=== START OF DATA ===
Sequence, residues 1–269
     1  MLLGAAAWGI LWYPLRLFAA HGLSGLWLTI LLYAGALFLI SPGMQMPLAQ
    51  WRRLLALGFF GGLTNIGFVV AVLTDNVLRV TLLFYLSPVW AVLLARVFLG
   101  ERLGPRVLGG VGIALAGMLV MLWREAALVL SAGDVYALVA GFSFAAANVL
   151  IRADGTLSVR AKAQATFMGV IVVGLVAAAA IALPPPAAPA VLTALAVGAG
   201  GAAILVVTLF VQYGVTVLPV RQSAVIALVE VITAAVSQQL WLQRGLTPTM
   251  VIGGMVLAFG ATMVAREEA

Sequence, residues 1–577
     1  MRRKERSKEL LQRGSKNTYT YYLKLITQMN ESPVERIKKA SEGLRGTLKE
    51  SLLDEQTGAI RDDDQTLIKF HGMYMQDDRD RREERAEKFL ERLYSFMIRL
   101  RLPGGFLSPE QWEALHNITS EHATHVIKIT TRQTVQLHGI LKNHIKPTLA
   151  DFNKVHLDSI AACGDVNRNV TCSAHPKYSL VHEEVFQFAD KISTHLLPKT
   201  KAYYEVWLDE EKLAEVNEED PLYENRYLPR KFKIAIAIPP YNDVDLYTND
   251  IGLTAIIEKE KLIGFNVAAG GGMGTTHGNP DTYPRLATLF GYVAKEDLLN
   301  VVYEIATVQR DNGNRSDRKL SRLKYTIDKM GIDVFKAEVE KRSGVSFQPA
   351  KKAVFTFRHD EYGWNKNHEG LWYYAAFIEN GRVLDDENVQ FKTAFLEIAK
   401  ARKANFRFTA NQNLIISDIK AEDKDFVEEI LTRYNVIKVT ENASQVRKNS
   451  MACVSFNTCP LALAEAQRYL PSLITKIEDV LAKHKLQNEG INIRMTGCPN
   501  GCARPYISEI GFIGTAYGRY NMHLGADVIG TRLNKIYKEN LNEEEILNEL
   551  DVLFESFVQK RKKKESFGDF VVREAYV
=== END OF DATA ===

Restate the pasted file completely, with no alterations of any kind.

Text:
Sequence, residues 1–269
     1  MLLGAAAWGI LWYPLRLFAA HGLSGLWLTI LLYAGALFLI SPGMQMPLAQ
    51  WRRLLALGFF GGLTNIGFVV AVLTDNVLRV TLLFYLSPVW AVLLARVFLG
   101  ERLGPRVLGG VGIALAGMLV MLWREAALVL SAGDVYALVA GFSFAAANVL
   151  IRADGTLSVR AKAQATFMGV IVVGLVAAAA IALPPPAAPA VLTALAVGAG
   201  GAAILVVTLF VQYGVTVLPV RQSAVIALVE VITAAVSQQL WLQRGLTPTM
   251  VIGGMVLAFG ATMVAREEA

Sequence, residues 1–577
     1  MRRKERSKEL LQRGSKNTYT YYLKLITQMN ESPVERIKKA SEGLRGTLKE
    51  SLLDEQTGAI RDDDQTLIKF HGMYMQDDRD RREERAEKFL ERLYSFMIRL
   101  RLPGGFLSPE QWEALHNITS EHATHVIKIT TRQTVQLHGI LKNHIKPTLA
   151  DFNKVHLDSI AACGDVNRNV TCSAHPKYSL VHEEVFQFAD KISTHLLPKT
   201  KAYYEVWLDE EKLAEVNEED PLYENRYLPR KFKIAIAIPP YNDVDLYTND
   251  IGLTAIIEKE KLIGFNVAAG GGMGTTHGNP DTYPRLATLF GYVAKEDLLN
   301  VVYEIATVQR DNGNRSDRKL SRLKYTIDKM GIDVFKAEVE KRSGVSFQPA
   351  KKAVFTFRHD EYGWNKNHEG LWYYAAFIEN GRVLDDENVQ FKTAFLEIAK
   401  ARKANFRFTA NQNLIISDIK AEDKDFVEEI LTRYNVIKVT ENASQVRKNS
   451  MACVSFNTCP LALAEAQRYL PSLITKIEDV LAKHKLQNEG INIRMTGCPN
   501  GCARPYISEI GFIGTAYGRY NMHLGADVIG TRLNKIYKEN LNEEEILNEL
   551  DVLFESFVQK RKKKESFGDF VVREAYV